A locally-hosted three-year pilot project involving electricity and large, specially designed batteries has several people charged up with enthusiasm.
Convergent Energy and Power’s seven-megawatt battery project is designed to efficiently store energy and release it to the grid during times of peak electricity use or during an electricity shortage.
To put the battery project’s capacity into perspective, one megawatt is equal to 10,000 100-watt lightbulbs.
Convergent’s battery project will be hosted by the Sault PUC and housed at one of the utility’s substations on McNabb Street.
Construction of the battery project at the substation is expected to begin within the next couple of weeks and be online by April 2017.
“Until relatively recently, battery technology has not advanced to the point where it made sense to incorporate it as part of the traditional electricity system,” said Johannes Rittershausen, Convergent CEO, speaking to SooToday in a telephone interview from his New York office Tuesday.
“Typically a grid will operate at less than 50 percent utilization and that’s because there’s no storage in the chain, and that’s because storage technologies (like batteries) were not inexpensive and reliable enough to really provide that excess capacity, but in the last 10 to 15 years we’ve had a revolution in battery technology.”
“These batteries can be turned on and off instantaneously and remotely from basically anywhere in the world and they are used often to balance fluctuations in the grid, and they can discharge over a longer period of time during a peak period,” Rittershausen said.
Convergent signed a contract with the Independent Electricity System Operator (IESO) to carry out the pilot project for three years.
“(But) the asset itself is expected to last 10 to 15 years and we’re building an asset that will last that long…the IESO wants an asset that will continue to provide power to the grid for the long term,” Rittershausen said.
“That’s our intention (to stay in the Sault for the long term),” Rittershausen said.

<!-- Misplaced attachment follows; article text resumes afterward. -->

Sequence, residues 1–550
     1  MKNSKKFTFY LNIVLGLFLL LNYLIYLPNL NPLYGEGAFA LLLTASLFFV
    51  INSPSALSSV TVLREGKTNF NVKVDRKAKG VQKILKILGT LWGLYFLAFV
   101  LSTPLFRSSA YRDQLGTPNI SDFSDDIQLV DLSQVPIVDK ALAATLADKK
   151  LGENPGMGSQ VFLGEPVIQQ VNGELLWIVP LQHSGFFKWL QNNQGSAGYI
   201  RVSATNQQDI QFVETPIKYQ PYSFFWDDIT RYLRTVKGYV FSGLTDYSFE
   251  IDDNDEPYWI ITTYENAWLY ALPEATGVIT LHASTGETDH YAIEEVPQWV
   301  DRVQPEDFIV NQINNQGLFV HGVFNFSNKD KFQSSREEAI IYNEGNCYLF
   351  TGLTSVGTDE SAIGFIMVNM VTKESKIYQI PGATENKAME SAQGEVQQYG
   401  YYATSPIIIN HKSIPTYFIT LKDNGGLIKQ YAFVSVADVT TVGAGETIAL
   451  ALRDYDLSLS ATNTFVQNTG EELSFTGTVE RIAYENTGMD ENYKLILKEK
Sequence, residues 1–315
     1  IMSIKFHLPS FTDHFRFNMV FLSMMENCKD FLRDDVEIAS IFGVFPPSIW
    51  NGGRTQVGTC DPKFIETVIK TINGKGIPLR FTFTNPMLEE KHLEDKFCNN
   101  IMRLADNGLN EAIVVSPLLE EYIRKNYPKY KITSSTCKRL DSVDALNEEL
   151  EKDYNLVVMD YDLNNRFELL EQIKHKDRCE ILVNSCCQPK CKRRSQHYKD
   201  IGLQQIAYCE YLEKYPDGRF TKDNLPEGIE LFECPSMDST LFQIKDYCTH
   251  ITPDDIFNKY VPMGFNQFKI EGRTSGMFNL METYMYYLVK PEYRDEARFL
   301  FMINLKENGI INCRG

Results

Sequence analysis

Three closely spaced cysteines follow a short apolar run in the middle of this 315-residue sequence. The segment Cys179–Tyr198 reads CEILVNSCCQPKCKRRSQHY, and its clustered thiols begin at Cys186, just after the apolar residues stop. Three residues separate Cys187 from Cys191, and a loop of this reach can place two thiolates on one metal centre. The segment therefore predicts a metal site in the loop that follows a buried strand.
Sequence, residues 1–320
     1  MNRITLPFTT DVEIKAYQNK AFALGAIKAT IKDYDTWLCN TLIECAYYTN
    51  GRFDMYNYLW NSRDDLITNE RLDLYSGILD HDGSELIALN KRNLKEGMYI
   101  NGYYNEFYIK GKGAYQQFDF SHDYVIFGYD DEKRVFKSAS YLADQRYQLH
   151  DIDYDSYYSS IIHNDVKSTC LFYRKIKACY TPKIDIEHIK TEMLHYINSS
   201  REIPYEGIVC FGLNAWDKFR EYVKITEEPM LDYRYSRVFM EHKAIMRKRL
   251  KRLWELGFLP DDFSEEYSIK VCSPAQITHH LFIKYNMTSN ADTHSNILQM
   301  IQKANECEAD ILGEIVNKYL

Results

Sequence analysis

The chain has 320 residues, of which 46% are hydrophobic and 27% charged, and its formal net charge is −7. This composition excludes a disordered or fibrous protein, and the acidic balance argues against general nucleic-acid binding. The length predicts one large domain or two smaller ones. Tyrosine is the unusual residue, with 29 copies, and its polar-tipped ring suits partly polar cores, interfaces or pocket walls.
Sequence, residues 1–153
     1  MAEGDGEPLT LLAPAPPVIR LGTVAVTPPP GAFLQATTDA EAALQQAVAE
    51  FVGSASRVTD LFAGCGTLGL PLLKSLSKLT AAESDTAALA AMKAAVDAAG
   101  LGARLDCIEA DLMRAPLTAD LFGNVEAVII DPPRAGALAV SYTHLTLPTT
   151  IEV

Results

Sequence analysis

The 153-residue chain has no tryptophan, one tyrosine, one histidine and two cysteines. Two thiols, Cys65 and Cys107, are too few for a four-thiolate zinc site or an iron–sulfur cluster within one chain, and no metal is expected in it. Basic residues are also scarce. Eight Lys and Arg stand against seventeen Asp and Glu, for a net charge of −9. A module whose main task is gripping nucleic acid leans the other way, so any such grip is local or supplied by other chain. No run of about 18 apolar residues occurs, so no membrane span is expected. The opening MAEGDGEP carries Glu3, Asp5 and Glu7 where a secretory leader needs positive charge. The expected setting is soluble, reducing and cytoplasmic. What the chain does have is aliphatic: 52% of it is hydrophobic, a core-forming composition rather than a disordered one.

Convergent will be paid by the IESO for providing the battery service for the grid on a pay-for-performance basis, Rittershausen said, confident the project will be a profitable one for Convergent.
Convergent also has projects on the go in the U.S. and is currently building a five-megawatt project in Toronto.
Cost of the Sault project “is in the multi-million dollar range,” Rittershausen said.
“The Sault has become a laboratory for the grid of the future,” Rittershausen said, pointing to wind and solar power projects in the Sault and the city’s self-proclaimed status as the Alternative Energy Capital of North America.
“We’re happy to be a part of the Sault community, for sure,” Rittershausen said.
“It’s right up the Sault’s alley,” said Steve Butland, Ward One City Councillor and a longtime, ardent advocate of alternative, renewable energy.
“Here’s an example of someone saying Sault Ste. Marie is a good place to go to as a lab for future electrical grids.”
“The Sault needs and wants good news items, and this is a good news item…it’s a multi million dollar project, it will put some people to work (in its construction) and it’s very complementary to what we’ve been doing (in alternative energy products),” Butland said.
The PUC will act as host to the battery project, but “this is a community project and we should be touting this,” Butland said, adding he is confident there are other energy opportunities on the Sault’s horizon that are close to fruition.
“We’re proud to play a role in bringing this project to Sault Ste. Marie and we definitely look forward to supporting Convergent Energy as they bring this project to fruition in the future,” said Giordan Zin, PUC communications supervisor.
The benefit of the battery project’s storage of power and distribution of it will not be apparent on PUC customers’ bills overnight, Zin said, but added the utility company is confident technology such as this will be a benefit to the grid (and customers) in the long term.